Graduate Critiques

As one of the principle means of assessment each semester, you will be required to participate in Critique Week, a week-long schedule of critiques during which classes are suspended.

Fall semester critiques are organized by department with panels representing the discipline. This provides you with an opportunity to understand the department’s expectations, have your work reviewed from a disciplinary point of view, and to reiterate the expectations for graduate study.

Spring semester critiques are interdisciplinary, with panel members and students from across SAIC disciplines. Interdisciplinary critiques allow for a broad range of responses to your work, and are intended to assess the success of your work for a more general, albeit highly informed audience. Critique panels include faculty, visiting artists, and fellow graduate students.

Graduate Exhibition or Equivalent

At the conclusion of your studies, you will present work in the SAIC Graduate Thesis Exhibition, other end-of-year events at SAIC, or the Gene Siskel Film Center—or arrange with the graduate dean or division chair for an alternative thesis of equal professional quality. Each year more than 200 graduate students exhibit work, screen videos and films, and present time-based works, writings, and performance to a collective audience of 30,000 people.

Students wishing to install work around prevalent themes, strategies or stylistic affinities can participate in a juried and curated section of the SAIC Graduate Thesis Exhibition. A faculty and staff committee conducts extensive studio visits and as a collaborative project with student participants, organizes and installs the show in designated space at the exhibition.

Undergraduate Courses

MFA students are advised to understand the expectations of their faculty when enrolled in undergraduate studio classes. Although graduate students are an asset to the group dynamic, faculty requirements for graduate students in undergraduate classes are variable. The student is responsible for understanding the faculty member's expectations about completion of assignments, attendance, and any other criteria for earning credit. To assure that graduate students are working at degree level, they are permitted no more than one undergraduate studio course (3000 level and above) per semester without permission of the dean of graduate studies. Courses at the 1000 and 2000 level are allowed only with permission.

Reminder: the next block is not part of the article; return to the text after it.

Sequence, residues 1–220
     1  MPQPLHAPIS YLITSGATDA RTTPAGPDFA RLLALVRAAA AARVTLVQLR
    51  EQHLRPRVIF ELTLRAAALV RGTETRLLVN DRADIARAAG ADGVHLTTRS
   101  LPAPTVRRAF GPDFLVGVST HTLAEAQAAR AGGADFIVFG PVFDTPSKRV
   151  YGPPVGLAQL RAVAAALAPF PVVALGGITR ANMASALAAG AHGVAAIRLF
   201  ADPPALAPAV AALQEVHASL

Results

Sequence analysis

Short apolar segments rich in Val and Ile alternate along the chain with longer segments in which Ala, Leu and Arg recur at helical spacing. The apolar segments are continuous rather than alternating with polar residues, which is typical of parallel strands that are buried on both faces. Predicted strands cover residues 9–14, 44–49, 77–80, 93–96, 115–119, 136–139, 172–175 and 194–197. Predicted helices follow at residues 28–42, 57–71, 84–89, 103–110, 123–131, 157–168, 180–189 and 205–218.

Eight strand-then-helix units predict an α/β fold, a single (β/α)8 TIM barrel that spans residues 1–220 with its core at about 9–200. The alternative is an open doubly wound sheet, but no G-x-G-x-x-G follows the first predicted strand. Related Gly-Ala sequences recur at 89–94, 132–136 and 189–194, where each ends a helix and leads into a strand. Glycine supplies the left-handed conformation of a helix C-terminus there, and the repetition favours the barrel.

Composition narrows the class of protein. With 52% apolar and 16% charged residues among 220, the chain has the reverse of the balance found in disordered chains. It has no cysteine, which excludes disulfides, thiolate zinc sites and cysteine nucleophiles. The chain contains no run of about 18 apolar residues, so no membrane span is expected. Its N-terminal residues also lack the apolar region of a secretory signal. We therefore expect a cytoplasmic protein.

Course Listing

Title Catalog Instructor Schedule

Description

This course is an introduction to the materials, methods, and concepts of sculpture. We will investigate making in relation to material, time and space. We will consider aspects of sculpture such as meaning, scale, process, social engagement, ephemera and site; and explore the formal properties and expressive potential of materials including mold making and casting, wood, metal and experimental media. We will combine the use of materials and methods with ideas that reflect the history of contemporary sculpture. Demonstrations and authorizations will provide students with experience and technical proficiency in sculptural production while readings and slide lectures venture into the critical discourses of sculpture.

Prerequisites

Open to Freshmen only.

Class Number

1421

Credits

3

Department

Sculpture

Area of Study

Public Space, Site, Landscape, Furniture Design

Location

280 Building Rm 015

Description

This course is an introduction to the materials, methods, and concepts of sculpture. We will investigate making in relation to material, time and space. We will consider aspects of sculpture such as meaning, scale, process, social engagement, ephemera and site; and explore the formal properties and expressive potential of materials including mold making and casting, wood, metal and experimental media. We will combine the use of materials and methods with ideas that reflect the history of contemporary sculpture. Demonstrations and authorizations will provide students with experience and technical proficiency in sculptural production while readings and slide lectures venture into the critical discourses of sculpture.